Tuesday, March 10, 2015

Makerspace Musings

This past weekend I helped some of my colleagues host a GAFE (Google Apps for Education) conference in Barrie. When jobs were being assigned I leapt at the chance to help run a makerspace for kids, in part because I am intrigued by the multitude of maker stories appearing in blogs and on twitter, in part because I identify as a maker, and in part because I knew that my own kids would love it. We ended up hosting about 15 kids in our space who ranged in age from 6 to 11 years. Button-making, knitting, weaving, robots, Makey-Makey, squishy circuits, LEGO, art-bots and more were on our ‘maker menu.’

We set up our makerspace in the front foyer of the host school (for optimum visibility) and although it was sunny and spacious it was also cavernous and noisy. The best part? On four different occasions a child told me that they were bored. Each time this happened, that same child soon found something to occupy their attention for at least another hour. At the end of the day I practically pried the button maker out of one girl’s hands as she raced to complete her ‘forty-somethingth’ button.

Standing back and taking in the view on Saturday, things in the makerspace appeared to be very organic. Kids were camped out in bean bag chairs or sprawled on the floor; standing at desks or chasing robots up and down the hall; grazing at the snack table or engaged in constructing a marble run. They explored new media with curiosity and the benefit of minimum adult intervention. Here are some images from the day:


There are a number of schools in our board that have expressed a desire to incorporate makerspaces into their learning environments. After my experience on Saturday I have a better idea of what ‘mass making’ entails, but many questions remain:

  • Would it be possible to free up students in a school to explore, unfettered, for an hour (or hours) at a time?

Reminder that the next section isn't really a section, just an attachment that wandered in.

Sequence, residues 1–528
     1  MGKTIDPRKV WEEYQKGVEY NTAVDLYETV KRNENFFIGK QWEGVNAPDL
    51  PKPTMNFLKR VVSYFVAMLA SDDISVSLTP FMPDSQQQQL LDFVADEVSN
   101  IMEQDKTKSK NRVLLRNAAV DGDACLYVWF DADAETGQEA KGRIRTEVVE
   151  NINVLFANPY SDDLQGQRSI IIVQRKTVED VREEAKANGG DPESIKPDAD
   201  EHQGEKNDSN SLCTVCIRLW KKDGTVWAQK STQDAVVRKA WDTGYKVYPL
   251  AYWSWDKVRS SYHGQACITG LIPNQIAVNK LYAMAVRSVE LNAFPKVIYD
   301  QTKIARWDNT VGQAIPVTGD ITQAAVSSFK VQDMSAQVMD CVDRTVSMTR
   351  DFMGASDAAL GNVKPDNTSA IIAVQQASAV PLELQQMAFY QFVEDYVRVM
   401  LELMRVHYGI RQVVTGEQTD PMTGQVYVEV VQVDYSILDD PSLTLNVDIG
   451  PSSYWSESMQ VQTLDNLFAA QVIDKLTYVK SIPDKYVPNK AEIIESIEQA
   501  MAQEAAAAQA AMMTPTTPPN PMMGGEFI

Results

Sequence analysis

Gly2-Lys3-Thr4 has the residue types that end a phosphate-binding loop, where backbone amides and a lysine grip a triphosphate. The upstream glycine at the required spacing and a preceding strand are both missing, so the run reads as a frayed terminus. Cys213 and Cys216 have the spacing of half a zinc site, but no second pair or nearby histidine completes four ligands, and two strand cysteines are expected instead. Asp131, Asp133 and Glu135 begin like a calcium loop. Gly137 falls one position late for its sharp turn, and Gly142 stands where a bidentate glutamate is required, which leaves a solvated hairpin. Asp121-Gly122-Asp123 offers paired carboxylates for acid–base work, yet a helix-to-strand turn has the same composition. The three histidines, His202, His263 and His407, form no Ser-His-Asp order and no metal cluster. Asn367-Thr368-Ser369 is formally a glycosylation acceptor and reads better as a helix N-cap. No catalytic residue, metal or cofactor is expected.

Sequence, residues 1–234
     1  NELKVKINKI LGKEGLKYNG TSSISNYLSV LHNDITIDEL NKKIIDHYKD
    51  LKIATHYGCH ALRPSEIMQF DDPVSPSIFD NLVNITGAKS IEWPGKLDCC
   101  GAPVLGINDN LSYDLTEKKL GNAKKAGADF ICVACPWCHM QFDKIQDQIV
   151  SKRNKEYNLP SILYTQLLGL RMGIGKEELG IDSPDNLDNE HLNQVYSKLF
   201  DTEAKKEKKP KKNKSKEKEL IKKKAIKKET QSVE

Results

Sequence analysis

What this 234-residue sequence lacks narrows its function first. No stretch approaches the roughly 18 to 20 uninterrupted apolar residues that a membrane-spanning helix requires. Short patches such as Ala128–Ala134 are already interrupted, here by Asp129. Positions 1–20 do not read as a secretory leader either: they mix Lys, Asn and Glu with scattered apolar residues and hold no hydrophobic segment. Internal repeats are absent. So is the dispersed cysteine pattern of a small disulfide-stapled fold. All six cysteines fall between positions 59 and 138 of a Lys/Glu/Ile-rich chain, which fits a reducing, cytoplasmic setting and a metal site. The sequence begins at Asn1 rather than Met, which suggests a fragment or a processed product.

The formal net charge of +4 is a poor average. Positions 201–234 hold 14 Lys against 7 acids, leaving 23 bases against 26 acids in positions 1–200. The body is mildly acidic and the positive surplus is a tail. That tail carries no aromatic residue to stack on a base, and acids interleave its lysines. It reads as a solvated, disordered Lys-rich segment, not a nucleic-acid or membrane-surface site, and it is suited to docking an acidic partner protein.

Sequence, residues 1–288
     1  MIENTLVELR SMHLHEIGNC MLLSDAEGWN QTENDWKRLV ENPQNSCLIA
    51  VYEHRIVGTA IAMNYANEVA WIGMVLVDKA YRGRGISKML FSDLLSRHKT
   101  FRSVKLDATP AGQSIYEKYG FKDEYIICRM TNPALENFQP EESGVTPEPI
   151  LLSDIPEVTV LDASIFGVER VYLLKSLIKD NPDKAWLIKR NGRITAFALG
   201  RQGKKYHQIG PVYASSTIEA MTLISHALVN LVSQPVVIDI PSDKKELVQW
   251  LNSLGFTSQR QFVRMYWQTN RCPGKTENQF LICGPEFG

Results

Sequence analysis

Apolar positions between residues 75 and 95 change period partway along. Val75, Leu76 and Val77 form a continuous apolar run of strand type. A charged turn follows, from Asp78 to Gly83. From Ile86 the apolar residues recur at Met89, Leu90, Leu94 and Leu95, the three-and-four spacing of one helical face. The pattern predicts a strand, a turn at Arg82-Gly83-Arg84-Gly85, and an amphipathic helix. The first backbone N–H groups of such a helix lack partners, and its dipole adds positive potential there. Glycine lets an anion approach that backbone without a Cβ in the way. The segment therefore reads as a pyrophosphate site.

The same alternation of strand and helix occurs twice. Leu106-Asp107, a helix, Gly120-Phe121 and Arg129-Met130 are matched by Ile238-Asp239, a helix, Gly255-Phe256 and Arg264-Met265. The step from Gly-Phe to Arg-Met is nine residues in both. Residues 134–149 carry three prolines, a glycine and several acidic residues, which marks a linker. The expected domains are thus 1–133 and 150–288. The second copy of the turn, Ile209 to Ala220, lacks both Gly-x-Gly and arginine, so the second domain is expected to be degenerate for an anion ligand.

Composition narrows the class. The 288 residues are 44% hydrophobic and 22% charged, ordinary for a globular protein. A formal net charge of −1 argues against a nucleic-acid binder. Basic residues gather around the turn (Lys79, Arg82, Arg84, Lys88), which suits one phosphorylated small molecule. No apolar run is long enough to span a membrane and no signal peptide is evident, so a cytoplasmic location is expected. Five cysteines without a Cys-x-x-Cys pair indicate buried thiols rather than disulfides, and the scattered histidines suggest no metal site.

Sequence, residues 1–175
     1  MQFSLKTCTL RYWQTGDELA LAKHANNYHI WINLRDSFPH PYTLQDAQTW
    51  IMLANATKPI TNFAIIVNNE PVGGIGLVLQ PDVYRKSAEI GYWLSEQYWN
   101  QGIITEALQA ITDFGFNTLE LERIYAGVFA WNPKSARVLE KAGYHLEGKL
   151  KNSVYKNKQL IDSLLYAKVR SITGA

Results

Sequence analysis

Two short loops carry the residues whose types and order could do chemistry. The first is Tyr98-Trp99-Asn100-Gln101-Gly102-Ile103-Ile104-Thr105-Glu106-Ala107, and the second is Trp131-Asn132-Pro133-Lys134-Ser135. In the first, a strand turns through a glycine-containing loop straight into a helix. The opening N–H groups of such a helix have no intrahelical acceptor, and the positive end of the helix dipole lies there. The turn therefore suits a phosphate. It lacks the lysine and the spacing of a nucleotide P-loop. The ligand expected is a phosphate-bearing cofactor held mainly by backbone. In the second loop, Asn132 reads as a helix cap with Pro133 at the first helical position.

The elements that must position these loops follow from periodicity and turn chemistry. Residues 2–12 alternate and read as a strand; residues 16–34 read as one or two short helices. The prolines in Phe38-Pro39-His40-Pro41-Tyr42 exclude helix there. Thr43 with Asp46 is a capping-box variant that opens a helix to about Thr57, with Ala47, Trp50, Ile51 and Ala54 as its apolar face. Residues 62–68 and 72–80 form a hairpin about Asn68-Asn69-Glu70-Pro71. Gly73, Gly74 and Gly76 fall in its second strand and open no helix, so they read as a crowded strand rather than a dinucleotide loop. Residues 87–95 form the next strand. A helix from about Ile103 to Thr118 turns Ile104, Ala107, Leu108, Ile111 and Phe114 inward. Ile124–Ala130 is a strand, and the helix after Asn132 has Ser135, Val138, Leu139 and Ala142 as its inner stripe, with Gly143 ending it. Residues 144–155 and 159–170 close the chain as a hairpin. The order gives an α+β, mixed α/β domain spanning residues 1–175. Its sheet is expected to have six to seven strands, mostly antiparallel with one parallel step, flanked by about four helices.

• How could we arrange these spaces to help kids get the most out of them?
  • What amount of teacher guidance is appropriate in these spaces?
  • How do we manage the continuous generation of mess that comes with creation (and encourage kids to take ownership of this space)?
  • What is the role of curriculum in a makerspace?
  • How would we manage to maintain a continuous supply of consumables without putting a significant dent in school budgets?

I know that established makerspaces have answers to some of these questions and a good deal of advice to offer, but I feel very lucky to have had the opportunity to dabble in a makerspace environment and experience the urgency of these questions for myself.

If you have never visited a makerspace, I would highly recommend the experience. As an alternative, take the plunge host a ‘maker day’ at your school to get a feel for the wonder and excitement that it can generate. One of our secondary schools (Stayner Collegaite Institute) recently hosted such a day, and although I was not able to attend it is clear that it has generated ripples of curiosity.





Finally, tech (in the form of ipads and computers) played only a supporting role in our makerspace. We had several iPads that remained untouched for the entire day. This was not what we had anticipated, but it was wonderful to see how much the students thrived from making with their hands and learning from one another. There was a vivid sense of community in the space that all of us embraced.



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